A Q&A with comedian David Heti, and it was more than OK

Why aren’t philosophers listed in the Yellow Pages?  I need a philosopher to articulate the reasons for my existential dread.  I could use a philosopher combined with a lawyer.  Lawyers construct arguments as beautiful as geometric theorems to force us to address the wrongs that created the dread in the first place.

What if I found a philosopher lawyer who is also a comedian?  The problems of existence are survivable if we can laugh at it all.  Imagine if such a person existed and he would come to your house to ease your existential dread by pointing out its absurdity and making it funny?

This person exists.   David Heti (pronounced “Hetty”) is a Toronto born, Montreal-based comedian whose album It Was OK was re-released by Stand Up! Records on May 5.  He won’t actually, most of the time, come to your house (read below about his tour in Newfoundland), but you can summon his presence with his album and DVD.David Heti album cover 2

David has been compared to Woody Allen in looks and style, but his comedy is its own league of brilliant and fearless, luminous and dark.   Tall with Talmudic gestures, he gives the appearance of folding and unfolding.  His jokes parallel his moves, unfolding with precise evocative language on topics most people don’t want to touch at an angle that is always completely original.

How original is he?

Did I mention that in addition to holding degrees in philosophy and law, he works in bioethics reviewing publications for a children’s hospital and is a lecturer in comedy writing at McGill University?

Or that he was fired by Canada’s Department of Justice because of his stand-up?

If choosing comedy over law was fearless, his material is way more fearless even than that.   David’s opening, “Please hold your laughter until the end” is a request you will be unable to obey and tells you immediately that you are about to hear something unique.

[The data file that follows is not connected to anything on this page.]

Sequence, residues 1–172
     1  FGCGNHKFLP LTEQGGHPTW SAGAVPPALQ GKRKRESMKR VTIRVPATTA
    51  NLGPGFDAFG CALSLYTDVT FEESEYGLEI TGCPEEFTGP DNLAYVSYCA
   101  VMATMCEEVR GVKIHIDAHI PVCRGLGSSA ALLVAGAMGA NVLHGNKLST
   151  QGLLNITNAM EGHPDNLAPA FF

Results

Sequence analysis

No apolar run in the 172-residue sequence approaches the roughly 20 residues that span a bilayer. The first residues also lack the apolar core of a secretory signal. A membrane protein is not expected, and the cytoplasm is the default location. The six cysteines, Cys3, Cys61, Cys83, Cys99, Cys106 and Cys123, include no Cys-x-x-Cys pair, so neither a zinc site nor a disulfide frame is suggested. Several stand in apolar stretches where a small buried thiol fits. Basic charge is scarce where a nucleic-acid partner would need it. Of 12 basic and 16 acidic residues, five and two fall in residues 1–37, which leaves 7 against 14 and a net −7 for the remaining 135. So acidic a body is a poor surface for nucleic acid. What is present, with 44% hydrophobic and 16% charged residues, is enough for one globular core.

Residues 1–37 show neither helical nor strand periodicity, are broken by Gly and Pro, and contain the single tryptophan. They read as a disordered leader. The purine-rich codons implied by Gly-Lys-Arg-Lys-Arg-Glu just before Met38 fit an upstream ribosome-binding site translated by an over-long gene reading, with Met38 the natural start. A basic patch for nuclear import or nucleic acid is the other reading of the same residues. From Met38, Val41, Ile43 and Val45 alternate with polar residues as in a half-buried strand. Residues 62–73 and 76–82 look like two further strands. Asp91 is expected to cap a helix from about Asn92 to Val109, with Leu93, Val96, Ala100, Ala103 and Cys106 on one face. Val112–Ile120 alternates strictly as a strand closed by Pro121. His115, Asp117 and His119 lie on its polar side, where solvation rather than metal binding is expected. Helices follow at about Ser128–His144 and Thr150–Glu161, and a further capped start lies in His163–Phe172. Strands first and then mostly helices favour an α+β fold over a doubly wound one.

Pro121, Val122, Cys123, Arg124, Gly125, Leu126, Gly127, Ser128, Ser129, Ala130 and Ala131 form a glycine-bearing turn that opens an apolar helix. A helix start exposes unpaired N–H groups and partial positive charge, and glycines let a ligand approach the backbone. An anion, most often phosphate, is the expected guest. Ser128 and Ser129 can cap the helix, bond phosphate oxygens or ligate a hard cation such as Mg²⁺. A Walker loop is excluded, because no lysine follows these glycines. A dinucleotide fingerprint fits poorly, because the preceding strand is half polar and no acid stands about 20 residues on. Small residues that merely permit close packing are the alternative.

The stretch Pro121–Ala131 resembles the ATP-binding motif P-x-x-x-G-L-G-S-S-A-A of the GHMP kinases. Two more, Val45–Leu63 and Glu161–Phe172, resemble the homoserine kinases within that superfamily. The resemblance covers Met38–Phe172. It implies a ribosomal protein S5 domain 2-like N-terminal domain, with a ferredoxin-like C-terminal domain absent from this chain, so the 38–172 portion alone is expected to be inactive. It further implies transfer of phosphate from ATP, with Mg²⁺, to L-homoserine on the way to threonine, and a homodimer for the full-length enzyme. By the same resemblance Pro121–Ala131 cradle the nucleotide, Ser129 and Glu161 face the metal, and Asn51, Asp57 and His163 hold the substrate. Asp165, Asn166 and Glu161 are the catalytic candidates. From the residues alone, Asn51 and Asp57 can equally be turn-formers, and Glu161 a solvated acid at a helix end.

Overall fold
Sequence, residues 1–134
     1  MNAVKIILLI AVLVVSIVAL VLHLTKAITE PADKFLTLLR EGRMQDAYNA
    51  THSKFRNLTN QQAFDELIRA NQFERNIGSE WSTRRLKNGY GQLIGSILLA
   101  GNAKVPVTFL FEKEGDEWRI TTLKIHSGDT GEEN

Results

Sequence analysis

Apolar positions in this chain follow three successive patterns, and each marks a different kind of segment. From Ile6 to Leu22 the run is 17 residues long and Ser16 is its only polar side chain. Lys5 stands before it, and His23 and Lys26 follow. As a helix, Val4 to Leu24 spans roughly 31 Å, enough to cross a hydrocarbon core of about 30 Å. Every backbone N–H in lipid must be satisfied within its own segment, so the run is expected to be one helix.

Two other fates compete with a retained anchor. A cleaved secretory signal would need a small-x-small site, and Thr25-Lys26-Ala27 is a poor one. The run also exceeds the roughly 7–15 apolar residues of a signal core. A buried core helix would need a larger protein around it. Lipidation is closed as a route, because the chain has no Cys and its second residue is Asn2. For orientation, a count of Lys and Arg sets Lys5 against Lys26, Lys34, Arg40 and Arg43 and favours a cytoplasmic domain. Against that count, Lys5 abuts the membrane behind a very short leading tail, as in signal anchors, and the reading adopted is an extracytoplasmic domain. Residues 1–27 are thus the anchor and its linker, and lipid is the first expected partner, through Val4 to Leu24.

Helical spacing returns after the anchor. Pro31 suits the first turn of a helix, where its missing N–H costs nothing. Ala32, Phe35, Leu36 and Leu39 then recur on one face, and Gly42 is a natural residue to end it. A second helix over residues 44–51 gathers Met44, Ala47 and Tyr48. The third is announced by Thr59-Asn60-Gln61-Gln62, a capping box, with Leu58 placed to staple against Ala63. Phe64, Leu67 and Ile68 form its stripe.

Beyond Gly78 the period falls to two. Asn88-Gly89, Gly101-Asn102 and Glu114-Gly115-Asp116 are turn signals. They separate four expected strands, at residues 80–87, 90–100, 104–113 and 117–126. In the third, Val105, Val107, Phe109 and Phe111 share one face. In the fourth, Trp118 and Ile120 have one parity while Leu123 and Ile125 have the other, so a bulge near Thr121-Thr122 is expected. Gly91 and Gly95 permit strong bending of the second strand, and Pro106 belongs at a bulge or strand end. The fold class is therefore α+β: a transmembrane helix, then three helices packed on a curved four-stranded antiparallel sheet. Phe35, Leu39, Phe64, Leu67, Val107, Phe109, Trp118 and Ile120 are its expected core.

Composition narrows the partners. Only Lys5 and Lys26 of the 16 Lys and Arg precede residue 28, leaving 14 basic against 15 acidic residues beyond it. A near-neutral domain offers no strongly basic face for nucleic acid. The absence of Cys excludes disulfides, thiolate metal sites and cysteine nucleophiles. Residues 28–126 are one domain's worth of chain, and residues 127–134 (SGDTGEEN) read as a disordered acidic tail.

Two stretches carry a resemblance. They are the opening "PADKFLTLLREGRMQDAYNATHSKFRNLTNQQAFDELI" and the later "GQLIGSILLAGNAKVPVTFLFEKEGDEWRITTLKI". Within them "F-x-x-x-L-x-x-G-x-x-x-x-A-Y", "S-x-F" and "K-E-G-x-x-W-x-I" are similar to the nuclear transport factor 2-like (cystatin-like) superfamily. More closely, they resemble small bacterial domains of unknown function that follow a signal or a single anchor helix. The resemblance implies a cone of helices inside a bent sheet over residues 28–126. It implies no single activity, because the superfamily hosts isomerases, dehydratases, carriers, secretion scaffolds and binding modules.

His comic perspective covers the most jagged, disquieting edges of human existence: everything from going home again to relationships to abortion to pedophilia to racism to God’s sexual preferences to the Holocaust.   As befits a lawyer and philosopher, his writing is sublime.  It is delivered softly but with a wallop.  It will wake you up like drinking coffee laced with steroids in a rocket ship blasted into territory previously uncharted.  It is funny, powerful and effective.

David’s comfort with discomfort borders on the epic.  While his delivery on stage is in part a persona, it is also emblematic of a philosophical outlook that promotes radical truth telling as a way to shed light on all that is broken.

Off stage, too, life’s tough issues are no match for this comedian.  Consider his podcast, “I Have a Problem, With David Heti.”   For this series, he invited guests to “air and discuss a grievance against him.  Accusation, argumentation, recrimination and more, it’s an intimate, honest, and—at least for David—generally quite entirely uncomfortable exchange.”

He also created a web series, “What Went Wrong with Last Night’s Show?”  Both series are as honest and unflinching as they sound.  You’ll find the former on iTunes, the latter on his web site, davidheti.com where in the same fire-eating spirit, he displays the terrible letter from the Department of Justice summoning him to human resources.

David kindly took time out to speak with me by phone about comedy and courage.  Following is an edited transcript.